What Happens When I Get Stuck At The Back Of The Lecture Theatre
Usually I sit right at the front of any lecture theatre I happen to find myself in, for the simple reason that it gets you noticed by the lecturers you can hear things better. Today, thanks to whatever genius decided to timetable one of my largest history classes in the smallest theatre available, I ended up sitting right at the back.
I now have some appreciation for what religious converts must feel shortly after they experience divine revelation. See, I had always assumed that students who work hard enough to get into a university actually want to be there. It’s not easy to get in, it sure as hell isn’t cheap (even accounting for my evil socialist government, which pays my tuition), and if you don’t put everything you’ve got into it you’re basically wasting your time. Somehow, this naive idealism managed to survive all through first year, and it is only now at the beginning of second year that I see how completely wrong I was.
I first realized that something was a bit off when the people around me started to talk loudly about how the lecture was ‘shite’ despite the fact that it hadn’t started yet. Something then asked his friends if they were planning on ‘going on the beer’ as soon as it finished. This was at a few minutes past noon. The lecture would be over at one o’ clock.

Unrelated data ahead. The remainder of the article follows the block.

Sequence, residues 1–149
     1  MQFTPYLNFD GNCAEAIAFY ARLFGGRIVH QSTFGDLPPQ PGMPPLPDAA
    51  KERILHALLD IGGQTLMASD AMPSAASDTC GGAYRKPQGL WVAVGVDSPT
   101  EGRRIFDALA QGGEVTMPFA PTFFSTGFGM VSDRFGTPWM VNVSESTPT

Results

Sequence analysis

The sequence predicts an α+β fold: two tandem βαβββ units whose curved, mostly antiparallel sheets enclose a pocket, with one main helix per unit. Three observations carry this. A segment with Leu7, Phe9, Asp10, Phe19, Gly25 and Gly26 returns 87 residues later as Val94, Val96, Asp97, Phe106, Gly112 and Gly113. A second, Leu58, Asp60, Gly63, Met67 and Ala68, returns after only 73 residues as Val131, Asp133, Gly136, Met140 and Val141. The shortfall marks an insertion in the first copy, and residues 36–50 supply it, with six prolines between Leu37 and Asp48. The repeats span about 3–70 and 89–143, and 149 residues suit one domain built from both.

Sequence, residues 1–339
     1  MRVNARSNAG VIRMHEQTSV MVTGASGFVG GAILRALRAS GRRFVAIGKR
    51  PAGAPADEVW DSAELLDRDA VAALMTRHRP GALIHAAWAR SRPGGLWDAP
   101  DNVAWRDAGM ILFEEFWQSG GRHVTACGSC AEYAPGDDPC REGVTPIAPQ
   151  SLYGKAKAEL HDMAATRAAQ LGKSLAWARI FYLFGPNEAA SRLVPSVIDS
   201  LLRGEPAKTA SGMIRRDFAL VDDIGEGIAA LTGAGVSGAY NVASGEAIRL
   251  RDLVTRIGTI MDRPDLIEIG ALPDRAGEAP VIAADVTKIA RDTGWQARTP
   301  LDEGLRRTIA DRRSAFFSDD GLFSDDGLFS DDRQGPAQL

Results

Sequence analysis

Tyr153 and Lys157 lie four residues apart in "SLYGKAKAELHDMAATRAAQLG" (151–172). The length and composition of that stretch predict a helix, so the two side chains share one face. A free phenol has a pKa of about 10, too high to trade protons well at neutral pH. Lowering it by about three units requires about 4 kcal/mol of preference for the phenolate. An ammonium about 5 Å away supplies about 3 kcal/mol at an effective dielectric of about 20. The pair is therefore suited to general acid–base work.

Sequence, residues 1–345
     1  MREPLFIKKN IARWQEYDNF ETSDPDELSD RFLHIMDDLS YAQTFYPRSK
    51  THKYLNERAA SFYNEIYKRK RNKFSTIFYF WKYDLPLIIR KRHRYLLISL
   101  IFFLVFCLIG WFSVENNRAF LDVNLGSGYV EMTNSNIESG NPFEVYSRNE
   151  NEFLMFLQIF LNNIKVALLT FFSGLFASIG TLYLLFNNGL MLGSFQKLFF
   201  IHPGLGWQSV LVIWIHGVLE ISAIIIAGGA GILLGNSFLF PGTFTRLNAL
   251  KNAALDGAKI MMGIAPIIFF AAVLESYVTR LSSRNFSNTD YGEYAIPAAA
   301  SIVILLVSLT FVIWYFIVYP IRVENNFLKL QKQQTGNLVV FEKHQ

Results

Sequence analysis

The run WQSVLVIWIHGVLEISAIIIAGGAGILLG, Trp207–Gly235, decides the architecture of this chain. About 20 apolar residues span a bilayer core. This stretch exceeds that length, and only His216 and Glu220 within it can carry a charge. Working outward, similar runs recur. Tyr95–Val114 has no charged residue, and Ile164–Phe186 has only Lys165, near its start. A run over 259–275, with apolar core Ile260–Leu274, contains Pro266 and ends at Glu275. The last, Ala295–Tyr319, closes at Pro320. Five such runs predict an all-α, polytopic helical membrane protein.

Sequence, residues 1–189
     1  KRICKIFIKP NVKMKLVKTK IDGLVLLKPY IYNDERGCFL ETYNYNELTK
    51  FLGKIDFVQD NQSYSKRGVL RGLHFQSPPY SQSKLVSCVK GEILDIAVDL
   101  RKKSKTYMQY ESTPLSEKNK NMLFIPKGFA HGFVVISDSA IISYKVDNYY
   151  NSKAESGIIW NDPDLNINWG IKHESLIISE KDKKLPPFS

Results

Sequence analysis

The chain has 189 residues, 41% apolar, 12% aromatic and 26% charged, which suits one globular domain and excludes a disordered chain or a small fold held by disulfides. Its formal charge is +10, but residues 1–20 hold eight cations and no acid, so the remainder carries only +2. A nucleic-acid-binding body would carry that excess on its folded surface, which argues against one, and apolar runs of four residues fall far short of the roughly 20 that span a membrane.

Anyway, the lecturer arrived and, to everybody’s amusement, had a strong American accent. This was immediately mocked by a group of vacuous girls sitting behind me, which was a bit uncomfortable because I’m originally from New York and sound fairly American myself. The lecture started, they didn’t shut up, and the lecturer naturally told them to be quiet, at which point one of them tutted loudly and said ‘But we need to have a laugh at the back of the room!’
No, irritating teenage girl, you don’t. You can ‘have a laugh’ anywhere you like, but please don’t do it in a place where people are actually trying to learn.
The Irish economy is currently in meltdown, students have less resources than ever, and going to college represents a serious monetary burden on both the government and individual families – especially now that the registration fee has been increased by €500. Yet despite all that, we actually have the opportunity to get a third-level education, something that an awful lot of people around the world never will. Why the hell would you waste it by getting hammered on cheap beer and partying four nights out of every seven?